When my colleagues and I were reading up on North Korea’s recent political happenings last week, we chanced upon this amazing clip.* It’s a music video for a song by Bochonbo Electronic Music Band, whose lead singer was Hyon Song Wol—one of North Korea’s biggest pop stars and, many suspect, either the new wife or mistress of leader Kim Jong Un.
Yes, that’s the real title.
The video is fascinating and frightening at the same time. It features Ms. Hyon scurrying about a textile factory, cheering on the workers to greater productivity. It’s a blatant propaganda piece, like the band’s other two hits, “I Love Pyongyang” and “We Are the Troops of the Party” (watch the latter at your own risk—it’s a disturbing ode to Kim Jong Il). South Korean intelligence officials say she’s “responsible” for these songs, though given Bochonbo Electronic Music Band was a rare state-sanctioned pop group, I’d imagine the Workers Party propagandists at least had a hand in the lyric writing. (No word on whether the earsplittingly awful combination of decades-old synthesizers and traditional melodies are Ms. Hyon’s doing or the government’s work.)
The band was massively popular in North Korea in its mid-2000s heyday—mainly because North Koreans had precious little else to choose from since the government controls all forms of entertainment. Realizing this as I watched “Excellent Horse-Like Lady,” I just about shed a tear of joy and gratitude for the fact that I live in a free nation where the government doesn’t control what I listen to and watch—we’re all free to choose.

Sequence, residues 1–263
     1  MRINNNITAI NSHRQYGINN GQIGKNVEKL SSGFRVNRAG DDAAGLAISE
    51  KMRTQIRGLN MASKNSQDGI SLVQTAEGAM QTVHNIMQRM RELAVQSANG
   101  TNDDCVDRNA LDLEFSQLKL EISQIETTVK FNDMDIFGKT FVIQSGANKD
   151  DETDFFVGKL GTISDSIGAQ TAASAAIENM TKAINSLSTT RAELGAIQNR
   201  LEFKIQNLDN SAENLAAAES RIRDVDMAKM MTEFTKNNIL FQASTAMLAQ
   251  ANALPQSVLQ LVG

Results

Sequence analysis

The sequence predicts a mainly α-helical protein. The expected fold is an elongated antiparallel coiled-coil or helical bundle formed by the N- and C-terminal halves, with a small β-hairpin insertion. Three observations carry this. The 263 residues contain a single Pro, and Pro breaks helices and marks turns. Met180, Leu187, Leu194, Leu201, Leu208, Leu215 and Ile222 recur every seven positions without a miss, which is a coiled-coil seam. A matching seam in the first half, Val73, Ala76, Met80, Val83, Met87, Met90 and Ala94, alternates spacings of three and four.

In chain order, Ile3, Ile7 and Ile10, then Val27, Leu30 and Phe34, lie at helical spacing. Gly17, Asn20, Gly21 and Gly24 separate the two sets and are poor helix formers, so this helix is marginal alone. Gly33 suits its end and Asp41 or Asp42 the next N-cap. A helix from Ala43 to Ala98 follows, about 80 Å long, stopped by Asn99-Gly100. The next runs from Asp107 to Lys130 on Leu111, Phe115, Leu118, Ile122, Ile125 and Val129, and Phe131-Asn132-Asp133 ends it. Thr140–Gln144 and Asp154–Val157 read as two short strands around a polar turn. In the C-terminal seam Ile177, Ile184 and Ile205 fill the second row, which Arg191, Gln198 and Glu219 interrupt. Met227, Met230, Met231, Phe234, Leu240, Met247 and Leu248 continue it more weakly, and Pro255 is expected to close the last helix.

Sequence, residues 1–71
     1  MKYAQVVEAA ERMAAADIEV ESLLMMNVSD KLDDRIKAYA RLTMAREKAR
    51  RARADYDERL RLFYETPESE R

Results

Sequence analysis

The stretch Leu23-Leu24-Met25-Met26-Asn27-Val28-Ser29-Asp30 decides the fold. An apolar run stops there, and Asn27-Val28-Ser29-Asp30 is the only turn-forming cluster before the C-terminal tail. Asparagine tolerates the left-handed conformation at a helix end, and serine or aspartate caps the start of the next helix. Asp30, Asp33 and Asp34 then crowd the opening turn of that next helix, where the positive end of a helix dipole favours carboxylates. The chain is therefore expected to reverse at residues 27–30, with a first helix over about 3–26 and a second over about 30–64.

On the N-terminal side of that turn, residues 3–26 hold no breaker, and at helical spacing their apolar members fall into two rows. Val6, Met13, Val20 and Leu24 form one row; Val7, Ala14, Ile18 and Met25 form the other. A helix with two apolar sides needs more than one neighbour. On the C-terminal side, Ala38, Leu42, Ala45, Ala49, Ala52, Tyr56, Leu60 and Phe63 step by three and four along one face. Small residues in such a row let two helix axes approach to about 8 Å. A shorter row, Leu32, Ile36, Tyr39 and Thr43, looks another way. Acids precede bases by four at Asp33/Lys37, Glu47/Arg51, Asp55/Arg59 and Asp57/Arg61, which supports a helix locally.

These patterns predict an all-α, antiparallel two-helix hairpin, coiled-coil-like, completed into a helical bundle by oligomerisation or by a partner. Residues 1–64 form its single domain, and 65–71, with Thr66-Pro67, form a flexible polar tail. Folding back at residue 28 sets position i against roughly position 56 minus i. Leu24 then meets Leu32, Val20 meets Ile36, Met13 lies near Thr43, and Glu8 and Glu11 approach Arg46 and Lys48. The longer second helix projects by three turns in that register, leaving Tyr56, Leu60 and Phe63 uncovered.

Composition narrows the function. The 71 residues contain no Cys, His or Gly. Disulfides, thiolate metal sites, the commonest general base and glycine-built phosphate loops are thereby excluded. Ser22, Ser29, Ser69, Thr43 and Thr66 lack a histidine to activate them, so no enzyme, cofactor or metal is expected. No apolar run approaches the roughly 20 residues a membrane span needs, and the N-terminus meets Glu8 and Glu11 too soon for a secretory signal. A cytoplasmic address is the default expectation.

And not just choose, but to create—which carries plenty of economic benefits. In free, democratic nations, people are free to start a band, write a song, record and release it as they wish. Free commerce lets them sell their work and, potentially, earn a livelihood from it (or at least earn enough to keep going while they keep their day job). Intellectual property rights allow artists to protect their work, giving them even more incentive to create. Free enterprise lets people form record labels, creating jobs for sales people, marketers and talent scouts. It also lets people open bars, clubs, theaters and other concert venues where artists can perform, earning more money from ticket and merchandise sales and helping create jobs for service and technical staff. Easy interstate commerce and a lack of travel restrictions enable musicians to tour—and successful touring musicians need drivers and road crews. Which means more jobs.
More jobs, more economic output and more good music—pretty good byproducts of artistic and economic freedom, if you ask me. North Korea, take note.
*Hat Tip: Todd Bliman